Child Marriage And The Day Of The African Child | Independent Newspapers Limited
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Child Marriage And The Day Of The African Child

Posted: Jun 22, 2015 at 12:00 am   /   by   /   comments (0)

By Bilkis Bakare

While some people tag it adherence to age long religious tradition popular in a number of regions in Nigeria, natives of other parts of the country label it paedophilia or cradle snatching. Child marriage is a condemnable act, commonly practiced in the Northern part of the country and is usually hinged on the premise that the Islamic religion- predominantly practiced in that part of the country- encourages it, to guide against fornication, an offence frown at by the Almighty God. And recently, the activities of insurgents, who kidnap young girls to be used as sex slaves and suicide bombers is also used as defense against those opposing young girls being given out in marriage. Proponents of child marriage believe that early marriage will protect these girls from being abducted by the insurgents.


Children protesting child marriages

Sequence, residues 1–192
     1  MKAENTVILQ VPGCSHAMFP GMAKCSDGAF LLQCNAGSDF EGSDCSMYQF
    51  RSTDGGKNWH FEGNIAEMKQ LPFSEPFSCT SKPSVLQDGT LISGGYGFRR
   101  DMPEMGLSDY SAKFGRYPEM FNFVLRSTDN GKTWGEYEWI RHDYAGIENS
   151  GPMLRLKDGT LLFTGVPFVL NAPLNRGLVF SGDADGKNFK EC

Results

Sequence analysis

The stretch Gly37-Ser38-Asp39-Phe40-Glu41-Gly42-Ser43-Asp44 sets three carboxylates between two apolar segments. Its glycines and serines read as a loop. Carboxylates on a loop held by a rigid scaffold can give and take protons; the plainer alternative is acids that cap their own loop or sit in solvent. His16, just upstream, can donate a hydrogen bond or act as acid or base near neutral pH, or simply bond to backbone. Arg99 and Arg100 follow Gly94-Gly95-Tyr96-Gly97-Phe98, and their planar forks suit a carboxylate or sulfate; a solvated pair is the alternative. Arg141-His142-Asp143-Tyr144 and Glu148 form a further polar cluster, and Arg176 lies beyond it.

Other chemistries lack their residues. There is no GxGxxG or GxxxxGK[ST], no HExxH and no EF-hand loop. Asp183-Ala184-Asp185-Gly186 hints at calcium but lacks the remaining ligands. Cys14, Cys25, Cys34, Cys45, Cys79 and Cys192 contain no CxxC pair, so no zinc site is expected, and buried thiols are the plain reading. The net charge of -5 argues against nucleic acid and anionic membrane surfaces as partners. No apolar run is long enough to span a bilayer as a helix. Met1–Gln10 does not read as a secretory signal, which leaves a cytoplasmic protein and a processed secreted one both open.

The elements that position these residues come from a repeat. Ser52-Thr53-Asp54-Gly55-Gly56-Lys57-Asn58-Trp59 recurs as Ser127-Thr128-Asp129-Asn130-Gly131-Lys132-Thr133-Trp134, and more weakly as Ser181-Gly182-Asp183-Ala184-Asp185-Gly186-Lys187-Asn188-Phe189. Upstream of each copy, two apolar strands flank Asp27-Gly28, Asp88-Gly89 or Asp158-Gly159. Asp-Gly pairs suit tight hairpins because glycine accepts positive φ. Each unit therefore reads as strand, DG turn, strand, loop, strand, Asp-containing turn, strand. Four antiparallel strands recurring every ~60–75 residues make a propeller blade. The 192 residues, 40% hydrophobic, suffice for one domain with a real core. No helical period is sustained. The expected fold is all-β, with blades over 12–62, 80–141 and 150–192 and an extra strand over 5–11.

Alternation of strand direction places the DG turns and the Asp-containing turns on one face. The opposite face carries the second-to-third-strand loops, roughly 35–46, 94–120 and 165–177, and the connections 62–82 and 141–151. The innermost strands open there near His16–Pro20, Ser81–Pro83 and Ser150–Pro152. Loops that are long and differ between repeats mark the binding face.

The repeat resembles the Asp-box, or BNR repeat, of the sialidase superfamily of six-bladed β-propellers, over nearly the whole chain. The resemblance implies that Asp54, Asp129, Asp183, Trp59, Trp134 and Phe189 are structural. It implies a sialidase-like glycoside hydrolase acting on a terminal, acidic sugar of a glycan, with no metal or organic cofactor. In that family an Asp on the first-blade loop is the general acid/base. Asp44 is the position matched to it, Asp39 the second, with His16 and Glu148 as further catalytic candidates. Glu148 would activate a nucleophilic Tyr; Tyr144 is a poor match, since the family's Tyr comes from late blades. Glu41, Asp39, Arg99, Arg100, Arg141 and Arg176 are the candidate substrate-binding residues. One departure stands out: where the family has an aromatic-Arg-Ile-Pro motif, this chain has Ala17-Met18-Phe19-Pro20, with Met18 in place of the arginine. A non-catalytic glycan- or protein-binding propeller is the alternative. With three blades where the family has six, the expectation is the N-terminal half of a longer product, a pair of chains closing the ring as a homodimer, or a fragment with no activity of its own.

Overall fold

Children protesting child marriages

By international conventions, 18 years has been established as the legal age of consent to marriage. In Nigeria, the Child Rights Act, passed in 2003, raised the minimum age of marriage to 18 for girls, but in the Northern part of the country which has some of the highest rates of early marriage in the world, 48% of girls are married out as early as 15 years and below. This is due to the fact that since federal law may be implemented differently at the State level, only few States have begun developing provisions to execute the law.

Although the apologists of child marriage are quick to point out the religious provisions attached to this act, the disadvantages far outweigh the advantages which range from health, educational, social to psychological and economical. Health wise, girls younger than 15 are five times more likely to die during child birth or during pregnancy than older women. They also have elevated risks of developing Vesico Vagina Fistula due to the immaturity of the reproductive system and their babies are especially vulnerable to poor health outcome as mortality rates for babies born to adolescent mothers are almost 75% higher than for children born to older mothers. And the children that survive usually have low birth weight or are premature.

The health challenges, particularly vesico vagina vistula- formation of opening between the bladder and the vagina- results in these child brides being rejected and abandoned by their spouses due to the stench oozing from their bodies as a result of continuous leakage of urine. This leads to both mental and emotional torture for these girls. Child brides depend on their spouses for all their needs as they are not economically empowered to provide for themselves. Therefore, often times, they lack the basic amenities needed for comfortable living and therefore will not be able to break away from the shackles of poverty.